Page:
Letters April 2018
THE half a million pounds conservation work being undertaken at Stoke Park/Duchess Park estate will be welcomed by the honeybees I keep in the garden of our family home which overlooks the estate (Fishponds Voice, February 2018)
I previously kept bees on land managed by The Brandon Trust through Elmtree Farm, which lay between the estate and Frenchay Park Road. Repeated vandalism by trespassers with the resulting loss of all the bees brought that arrangement to an end, however. Eventually the hives were re-stocked and relocated to the safety and security of office rooftops in central Bristol, where happily they now thrive.
Many residents in Stapleton and Frenchay refer to the estate as Duchess Park, which is the name I recall being in use when I visited this country on holidays as a small child. It was a proud reflection of the noble history of the estate as it once formed part of the land owned by the Dukes of Beaufort.
Earlier residents of the area may have had the pleasure of hearing hounds speak as Dukes of the past managed the estate through hunting. Today the only noise constantly filling the air is that of traffic on the M32, Stoke Lane and Frenchay Park Road.
Local legend has it that a monument on the estate marks the spot where a former Duchess fell from her horse while out riding from the Dower House. More recently Her Grace The Duchess, Amanda Beaufort, sent her compliments for the wonderful taste of a jar of honey I sent to Badminton.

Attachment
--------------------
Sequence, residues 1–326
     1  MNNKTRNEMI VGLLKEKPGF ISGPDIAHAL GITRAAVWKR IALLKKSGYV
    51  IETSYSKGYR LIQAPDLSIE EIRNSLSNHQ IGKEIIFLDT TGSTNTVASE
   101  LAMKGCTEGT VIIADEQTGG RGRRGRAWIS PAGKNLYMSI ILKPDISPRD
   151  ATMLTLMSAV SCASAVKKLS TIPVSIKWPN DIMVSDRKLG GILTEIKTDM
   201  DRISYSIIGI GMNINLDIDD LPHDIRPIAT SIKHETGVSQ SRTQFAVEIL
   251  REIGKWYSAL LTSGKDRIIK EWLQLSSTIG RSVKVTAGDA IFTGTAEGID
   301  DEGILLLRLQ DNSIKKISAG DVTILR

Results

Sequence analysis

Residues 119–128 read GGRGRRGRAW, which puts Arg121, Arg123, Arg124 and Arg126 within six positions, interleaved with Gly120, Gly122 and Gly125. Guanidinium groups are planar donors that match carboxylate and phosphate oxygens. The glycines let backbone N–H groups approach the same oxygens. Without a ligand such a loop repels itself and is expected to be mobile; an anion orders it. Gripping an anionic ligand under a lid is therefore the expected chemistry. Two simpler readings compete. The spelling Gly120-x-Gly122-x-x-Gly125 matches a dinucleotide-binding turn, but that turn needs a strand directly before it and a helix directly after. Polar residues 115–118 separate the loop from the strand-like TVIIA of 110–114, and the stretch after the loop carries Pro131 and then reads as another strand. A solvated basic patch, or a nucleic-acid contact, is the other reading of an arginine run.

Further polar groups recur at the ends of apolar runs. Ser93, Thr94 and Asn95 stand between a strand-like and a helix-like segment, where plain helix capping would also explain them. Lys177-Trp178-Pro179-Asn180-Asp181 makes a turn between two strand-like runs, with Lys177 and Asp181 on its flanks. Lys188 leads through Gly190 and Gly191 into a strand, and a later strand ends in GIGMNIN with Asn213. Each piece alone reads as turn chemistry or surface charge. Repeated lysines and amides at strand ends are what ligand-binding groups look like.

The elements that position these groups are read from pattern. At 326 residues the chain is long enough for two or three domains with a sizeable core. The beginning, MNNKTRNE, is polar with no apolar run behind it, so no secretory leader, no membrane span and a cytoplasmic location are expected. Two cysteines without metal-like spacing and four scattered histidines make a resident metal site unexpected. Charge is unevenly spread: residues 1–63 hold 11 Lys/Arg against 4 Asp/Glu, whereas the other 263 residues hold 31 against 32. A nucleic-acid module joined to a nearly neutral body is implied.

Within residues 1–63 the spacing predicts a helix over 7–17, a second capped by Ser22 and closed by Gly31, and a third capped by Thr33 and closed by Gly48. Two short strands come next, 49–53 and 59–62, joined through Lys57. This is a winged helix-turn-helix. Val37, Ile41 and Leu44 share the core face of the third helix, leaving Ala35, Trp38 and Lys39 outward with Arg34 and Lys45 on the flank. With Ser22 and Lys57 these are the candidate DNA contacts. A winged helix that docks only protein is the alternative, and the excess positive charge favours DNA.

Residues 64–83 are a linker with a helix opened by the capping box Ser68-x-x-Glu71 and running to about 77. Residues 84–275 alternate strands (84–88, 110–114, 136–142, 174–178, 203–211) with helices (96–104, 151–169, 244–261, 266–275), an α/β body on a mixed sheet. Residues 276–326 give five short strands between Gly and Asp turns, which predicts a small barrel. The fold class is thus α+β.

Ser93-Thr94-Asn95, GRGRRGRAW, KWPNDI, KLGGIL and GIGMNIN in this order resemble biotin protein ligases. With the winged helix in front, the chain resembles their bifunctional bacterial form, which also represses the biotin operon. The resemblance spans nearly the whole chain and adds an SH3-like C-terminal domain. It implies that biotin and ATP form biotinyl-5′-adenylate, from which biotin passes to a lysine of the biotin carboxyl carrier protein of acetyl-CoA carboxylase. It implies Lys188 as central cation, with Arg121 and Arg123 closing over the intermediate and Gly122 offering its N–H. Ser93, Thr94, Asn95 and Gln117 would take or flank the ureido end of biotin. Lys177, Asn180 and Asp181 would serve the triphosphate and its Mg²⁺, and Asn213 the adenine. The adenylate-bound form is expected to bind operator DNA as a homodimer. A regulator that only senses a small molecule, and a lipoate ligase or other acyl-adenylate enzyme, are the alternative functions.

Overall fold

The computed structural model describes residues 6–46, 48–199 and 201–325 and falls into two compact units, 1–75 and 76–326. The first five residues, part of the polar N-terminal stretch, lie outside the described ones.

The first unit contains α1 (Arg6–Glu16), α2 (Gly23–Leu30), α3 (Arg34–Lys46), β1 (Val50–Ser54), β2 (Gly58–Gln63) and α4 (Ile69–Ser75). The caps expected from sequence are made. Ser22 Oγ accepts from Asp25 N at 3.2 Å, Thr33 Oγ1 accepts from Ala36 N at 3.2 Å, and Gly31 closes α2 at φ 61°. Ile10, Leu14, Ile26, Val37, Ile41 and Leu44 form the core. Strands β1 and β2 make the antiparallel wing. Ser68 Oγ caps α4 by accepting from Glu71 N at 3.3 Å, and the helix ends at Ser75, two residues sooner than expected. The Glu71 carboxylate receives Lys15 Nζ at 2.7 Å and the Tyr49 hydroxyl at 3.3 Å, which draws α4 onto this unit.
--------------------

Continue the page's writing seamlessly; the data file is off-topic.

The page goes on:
My own best memory of the estate from those holiday visits is of cooking potatoes in fires made from dead wood deep in the woodlands; a sort of junior version of Ray Mears. It was fun and exciting and I always stank of smoke. I also published a magazine about the area, which received generous support from local businesses when I canvassed for advertising. All proceeds were donated to Stapleton Baptist Church. A copy of the magazine was sent to the 10th Duke, himself an accomplished huntsman, and he replied with a further donation.
One cannot, however, help but smile at the plans for future grazing of the estate and the benefits anticipated to be derived from it.
As recently as three years ago a ten minute walk up Stoke Lane would have taken you past three herds of grazing cattle, some pigs and goats, and sometimes one would even have sight of foxes and badgers. Since Metrobus, house building and an expanded UWE the only thing now left is one token herd of cattle.
Conservation management is indeed a costly business.
Dr Stephen Buston